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Polystyrene glue!

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Blog entry by Mark Edmondson posted 02-03-2010 01:53 AM 18294 reads 14 times favorited 21 comments Add to Favorites Watch

Fortunately for us wood workers and tinkerers, one of mankind’s most
indestructible substances — polystyrene — is easy to repurpose into glue.

And since several people have commented on my end grain end table project asking for the secret recipe to my homemade glue, I’m here to provide. However, I’m going to force you to read this entire thing before I get to the point, so bear with me.

I work a lot with polystyrene, partly because it can be found everywhere, but mainly because it is nearly indestructible by natural processes.

But before I get into the glue making (which is painfully easy and can be summed up in one line) I’ll tell you how to identify polystyrene.

1. Expanded polystyrene, also known as Styrofoam, can be found everywhere. If you need some, take a walk by a river or an unmaintained beach. It’s used as packing material for all that stuff that’s now falling apart, so it’s kind of like a repair kit included with your coffee pot.

2. Regular polystyrene is usually labeled with a “6” in that little recycle symbol that’s stamped into most plastics. Most of those plastics are clear food containers and the lids from fast food cups. If there is no number on the plastic, look for the letters PS. My experience suggests that glue made from solid polystyrene makes a stronger glue than the stuff made from foam.

So, to make glue, as promised, in one line:

Add polystyrene to acetone. The resulting goo is glue.

Now, the details:

Acetone is a naturalish chemical that can be found in paint stores and in fingernail polish remover. According to Wikipedia, it’s mostly harmless to both the environment and to people.

However, it’s super flammable, so don’t be a dumbass. But it does evaporate quickly, so it serves our purpose well.

Also, the bubbles coming off the polystyrene are air, nitrogen or whatever was used to inflate the foam. Still, this is a project probably best suited for the back porch.

Since acetone is used for most chemical processes, it will always be produced in significant amounts. A quart, which will make about a gallon of glue, will cost you about $10. Sorry about that. But this dissolved polystyrene is pretty cool stuff, and I think you’ll get a lot of use from it.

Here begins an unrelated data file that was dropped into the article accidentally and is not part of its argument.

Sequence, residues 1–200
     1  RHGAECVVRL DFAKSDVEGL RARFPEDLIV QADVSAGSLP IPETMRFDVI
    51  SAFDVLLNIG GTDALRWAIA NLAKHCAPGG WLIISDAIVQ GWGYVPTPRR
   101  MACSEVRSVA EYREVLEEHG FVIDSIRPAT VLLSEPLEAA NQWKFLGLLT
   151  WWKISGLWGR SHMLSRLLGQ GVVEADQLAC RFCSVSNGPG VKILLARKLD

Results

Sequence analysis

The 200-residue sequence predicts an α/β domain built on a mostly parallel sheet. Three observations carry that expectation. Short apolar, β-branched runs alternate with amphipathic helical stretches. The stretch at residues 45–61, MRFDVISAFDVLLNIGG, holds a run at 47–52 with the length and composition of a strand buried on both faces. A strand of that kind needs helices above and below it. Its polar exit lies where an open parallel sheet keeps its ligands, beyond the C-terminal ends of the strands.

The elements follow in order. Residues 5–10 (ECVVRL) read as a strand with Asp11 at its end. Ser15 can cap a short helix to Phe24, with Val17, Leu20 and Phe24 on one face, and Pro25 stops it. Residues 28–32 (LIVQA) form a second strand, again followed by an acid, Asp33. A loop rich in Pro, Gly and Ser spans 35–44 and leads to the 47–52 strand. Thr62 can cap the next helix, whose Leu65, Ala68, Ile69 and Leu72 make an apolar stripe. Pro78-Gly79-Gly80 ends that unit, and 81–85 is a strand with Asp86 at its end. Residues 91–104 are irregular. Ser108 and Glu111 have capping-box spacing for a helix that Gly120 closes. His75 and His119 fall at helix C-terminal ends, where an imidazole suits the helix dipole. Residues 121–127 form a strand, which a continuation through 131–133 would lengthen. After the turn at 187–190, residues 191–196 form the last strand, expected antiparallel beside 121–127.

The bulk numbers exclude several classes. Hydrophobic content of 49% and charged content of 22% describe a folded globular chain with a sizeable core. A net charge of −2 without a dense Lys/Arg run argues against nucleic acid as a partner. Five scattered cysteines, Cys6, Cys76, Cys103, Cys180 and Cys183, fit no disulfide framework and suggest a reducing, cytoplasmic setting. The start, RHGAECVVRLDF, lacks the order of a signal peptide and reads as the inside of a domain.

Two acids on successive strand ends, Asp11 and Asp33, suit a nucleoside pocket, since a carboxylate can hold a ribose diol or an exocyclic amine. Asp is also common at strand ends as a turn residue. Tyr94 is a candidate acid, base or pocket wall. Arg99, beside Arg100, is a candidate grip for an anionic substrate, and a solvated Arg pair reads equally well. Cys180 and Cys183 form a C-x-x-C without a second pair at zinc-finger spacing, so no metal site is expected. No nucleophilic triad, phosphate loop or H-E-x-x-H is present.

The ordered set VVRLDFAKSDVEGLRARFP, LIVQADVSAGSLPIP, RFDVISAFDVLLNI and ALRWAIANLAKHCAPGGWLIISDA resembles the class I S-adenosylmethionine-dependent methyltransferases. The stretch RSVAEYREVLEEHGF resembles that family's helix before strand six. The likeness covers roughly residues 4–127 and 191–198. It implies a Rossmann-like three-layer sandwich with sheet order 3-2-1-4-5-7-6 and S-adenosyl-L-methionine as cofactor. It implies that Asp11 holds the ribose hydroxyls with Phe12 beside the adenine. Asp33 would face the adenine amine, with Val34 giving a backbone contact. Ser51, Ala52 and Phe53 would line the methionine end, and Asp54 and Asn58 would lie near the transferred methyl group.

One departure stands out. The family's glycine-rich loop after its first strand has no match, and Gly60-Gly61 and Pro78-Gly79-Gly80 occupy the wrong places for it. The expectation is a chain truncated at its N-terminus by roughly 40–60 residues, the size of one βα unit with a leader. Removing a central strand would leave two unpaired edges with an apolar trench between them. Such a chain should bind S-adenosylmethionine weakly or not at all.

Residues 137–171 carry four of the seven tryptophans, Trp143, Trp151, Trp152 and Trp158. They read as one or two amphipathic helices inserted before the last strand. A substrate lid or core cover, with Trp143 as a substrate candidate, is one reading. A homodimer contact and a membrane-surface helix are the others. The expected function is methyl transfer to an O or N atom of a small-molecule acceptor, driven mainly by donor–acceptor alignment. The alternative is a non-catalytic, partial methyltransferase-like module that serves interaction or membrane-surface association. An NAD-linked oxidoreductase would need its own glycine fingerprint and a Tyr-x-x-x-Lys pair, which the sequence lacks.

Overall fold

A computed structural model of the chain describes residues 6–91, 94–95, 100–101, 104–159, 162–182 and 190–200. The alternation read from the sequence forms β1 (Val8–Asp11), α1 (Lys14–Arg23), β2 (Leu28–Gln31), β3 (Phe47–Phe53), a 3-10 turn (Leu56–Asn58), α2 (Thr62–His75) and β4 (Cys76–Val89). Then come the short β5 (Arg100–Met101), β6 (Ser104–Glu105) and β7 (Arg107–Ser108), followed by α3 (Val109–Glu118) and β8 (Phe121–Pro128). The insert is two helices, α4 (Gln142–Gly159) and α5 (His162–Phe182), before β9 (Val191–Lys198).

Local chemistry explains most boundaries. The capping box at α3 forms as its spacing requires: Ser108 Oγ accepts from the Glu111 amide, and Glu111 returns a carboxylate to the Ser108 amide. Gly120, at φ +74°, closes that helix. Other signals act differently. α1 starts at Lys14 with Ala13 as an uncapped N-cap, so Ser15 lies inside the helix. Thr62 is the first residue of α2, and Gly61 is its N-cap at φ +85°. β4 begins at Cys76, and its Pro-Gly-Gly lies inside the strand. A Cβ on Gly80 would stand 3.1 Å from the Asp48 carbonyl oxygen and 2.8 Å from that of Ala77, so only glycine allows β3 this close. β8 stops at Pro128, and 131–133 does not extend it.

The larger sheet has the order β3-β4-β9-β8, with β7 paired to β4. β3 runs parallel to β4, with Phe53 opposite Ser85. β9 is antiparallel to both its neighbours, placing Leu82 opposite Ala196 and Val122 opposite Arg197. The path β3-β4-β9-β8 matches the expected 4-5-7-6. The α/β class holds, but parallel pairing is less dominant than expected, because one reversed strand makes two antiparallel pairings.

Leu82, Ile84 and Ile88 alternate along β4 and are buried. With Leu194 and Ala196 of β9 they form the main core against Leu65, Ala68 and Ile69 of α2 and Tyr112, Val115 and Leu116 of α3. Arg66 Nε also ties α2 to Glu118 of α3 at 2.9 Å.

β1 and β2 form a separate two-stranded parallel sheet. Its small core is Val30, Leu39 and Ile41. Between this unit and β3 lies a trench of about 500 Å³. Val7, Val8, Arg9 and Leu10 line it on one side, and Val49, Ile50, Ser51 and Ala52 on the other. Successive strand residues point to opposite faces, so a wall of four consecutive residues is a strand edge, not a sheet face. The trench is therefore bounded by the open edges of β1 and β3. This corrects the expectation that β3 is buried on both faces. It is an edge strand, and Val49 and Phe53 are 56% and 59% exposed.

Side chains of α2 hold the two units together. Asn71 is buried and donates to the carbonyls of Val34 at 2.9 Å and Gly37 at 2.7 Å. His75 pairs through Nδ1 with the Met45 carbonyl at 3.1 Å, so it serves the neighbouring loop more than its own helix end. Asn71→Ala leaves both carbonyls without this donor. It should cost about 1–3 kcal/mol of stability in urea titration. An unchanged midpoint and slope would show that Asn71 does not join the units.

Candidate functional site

Secret formula:

There is no real formula or mixing ratio for the glue. Once polystyrene dissolves in the acetone, it condenses at the bottom as a slimy awesomeness of sticky. It’s this stuff that works as glue.

Usage:

Add glue wherever glue needs to be added. Clamp and let dry overnight. The glue will harden back into polystyrene, but embedded in the wood. The result is glue stronger than the wood it is holding together.

Don’t rule this out as a wood filler, either. It’s tough and can be dyed and painted. I think it could also be used as a finish, but I have never tried it and take no responsibility for ruining the hand carved velociraptor you’ve been working on. Also, please post the raptor photos.


Storage:

Acetone will not dissolve:

1. Glass
2. PET bottles
3. HDPE
4. ???

However, plastics such as soda bottles are designed to use as little material as possible. So they tend to be susceptible to about anything. Really, you’re best using a glass jar with an airtight lid. I also think a plastic glue bottle would work, but I have never tried it. (EDIT 2-27-11: Yep… old glue bottles work perfectly!)

You’ll want to keep the glue in the acetone solution, as it will harden back into plastic if you allow it to dry. You can use a stick to dig out the goo and smear it on whatever you’re gluing (a light smear will suffice) or squeeze it out of the bottle like you would with regular woodworking glue. It is a bit thicker, so you may still have to smear it around some.

And that’s it. Thanks for reading!

EDIT 6/21/11: I finally had a chance to do some actual shear testing in the lab. The glue does fail before traditional carpenter’s glue, but has a holding force of about 750 PSI. The wood does not fail before the glue, unlike other glues. Maybe this would be a good material for temporary fastening, or something that would work for non-structural gluing. Your call. Thank you to everyone who read this!



21 comments so far

View a1Jim's profile

a1Jim

112070 posts in 2228 days


#1 posted 02-03-2010 02:09 AM

That’s pretty amazing Mark
You can’t guess at a ratio of acetone to polystyrene? Thanks for sharing this great tip.

-- http://artisticwoodstudio.com Custom furniture

View MarkwithaK's profile

MarkwithaK

370 posts in 1829 days


#2 posted 02-03-2010 02:17 AM

From how I interpreted this, the goo will accumulate at the bottom of the container and the acetone can be poured off. That’s how it read to me, not sure if it’s actual or not.